101. Two recent developments have also strengthened the Union's commitment to promoting human rights and conflict resolution in the continent. In January this year, 15 AU members (including South Africa) agreed to create an African Court of Human and People's Rights.[129] This move has generally been welcomed by human rights organisations as an important step forward in tackling human rights abuses on the continent. However, they stress that the court will need 'teeth' and the co-operation of member states if it is to be effective.

102. Meeting in February in Libya, AU leaders also agreed to the creation of an African peace-keeping force. This will eventually consist of five brigades of soldiers, policemen and military observers—in total approximately 15,000 people—to be led by South Africa, Nigeria, Kenya and Egypt. The force will be directed by the PSC, which came into being last year, and has 15 members drawn from across the Union's membership. It is hoped that the new body will be able both to tackle present conflicts in the continent, such as that in Uganda, and help prevent future clashes arising.[130] It is also part of the Union's wider commitment to create 'African solutions to African problems', without having to resort to outside nations for assistance.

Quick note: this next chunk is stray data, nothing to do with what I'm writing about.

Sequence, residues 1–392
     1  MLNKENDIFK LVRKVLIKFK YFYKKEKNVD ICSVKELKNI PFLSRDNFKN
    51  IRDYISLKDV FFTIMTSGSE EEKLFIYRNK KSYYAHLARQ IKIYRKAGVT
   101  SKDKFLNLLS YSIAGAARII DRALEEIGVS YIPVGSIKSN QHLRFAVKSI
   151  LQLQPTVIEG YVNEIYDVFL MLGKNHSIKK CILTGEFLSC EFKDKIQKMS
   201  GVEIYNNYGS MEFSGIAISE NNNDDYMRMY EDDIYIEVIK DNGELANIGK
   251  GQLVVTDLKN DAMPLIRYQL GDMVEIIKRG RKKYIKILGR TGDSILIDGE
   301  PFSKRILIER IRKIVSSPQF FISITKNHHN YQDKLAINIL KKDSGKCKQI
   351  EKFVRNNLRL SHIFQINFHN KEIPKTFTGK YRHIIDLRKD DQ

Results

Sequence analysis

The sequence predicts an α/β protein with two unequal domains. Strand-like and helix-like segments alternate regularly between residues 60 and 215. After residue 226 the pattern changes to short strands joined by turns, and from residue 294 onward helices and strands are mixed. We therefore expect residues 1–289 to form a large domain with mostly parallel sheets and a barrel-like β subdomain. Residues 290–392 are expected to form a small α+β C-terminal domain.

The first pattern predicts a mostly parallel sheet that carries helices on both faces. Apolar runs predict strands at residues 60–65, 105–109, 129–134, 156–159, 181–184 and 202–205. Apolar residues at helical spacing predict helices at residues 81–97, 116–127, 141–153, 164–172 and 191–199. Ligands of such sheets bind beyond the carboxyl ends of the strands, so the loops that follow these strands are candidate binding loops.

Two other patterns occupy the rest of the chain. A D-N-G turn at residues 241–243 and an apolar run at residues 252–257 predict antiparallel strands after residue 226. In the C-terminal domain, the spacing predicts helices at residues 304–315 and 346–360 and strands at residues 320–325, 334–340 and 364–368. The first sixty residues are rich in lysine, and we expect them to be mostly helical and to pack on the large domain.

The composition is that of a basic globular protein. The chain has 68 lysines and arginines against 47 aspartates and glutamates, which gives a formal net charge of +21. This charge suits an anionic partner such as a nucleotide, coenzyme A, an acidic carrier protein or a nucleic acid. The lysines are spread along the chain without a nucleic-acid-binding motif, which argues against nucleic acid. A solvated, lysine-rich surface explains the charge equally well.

103. As the FCO noted in its memorandum to the Committee, South Africa (and President Thabo Mbeki in particular) has played an "active role in taking forward change" in the revitalisation of the OAU and participates fully in all the activities of the new African Union.[131] President Mbeki served as the Union's first Chairperson from July 2002 to July 2003, and has been especially active in the creation of the African peace-keeping force discussed above.

104. In his oral evidence to the Committee, Mr Mullin stated that he was "mildly optimistic" about the new organisation, and the change from the old OAU:

It has changed from an organisation that was mainly concerned with African solidarity and sweeping problems under the carpet to an organisation that now genuinely acknowledges the problems on their continent and the recognition that Africans must increasingly take responsibility for resolving them.[132]

The Minister had previously outlined to the House, in answer to a written question, how the United Kingdom was supporting the organisation: £1,089,745 to the AU Conflict Management Centre and the its wider peacekeeping work (£5.9 million to the African Mission in Burundi), plus some small-scale support to the Union's administrative work.[133]

105. Some commentators have, however, questioned whether the Union's worthy ambitions will bring about genuine change on the continent. Concerns have been expressed that the aspiration of promoting genuine continental integration is somewhat over-ambitious. Professor Simon, for example, told us, that: "My sense is that in many parts of the region, there would be greater support for the more geographically-specific regional economic initiatives, like SADC and ECOWAS [Economic Community of West African States] because they are more coherent."[134]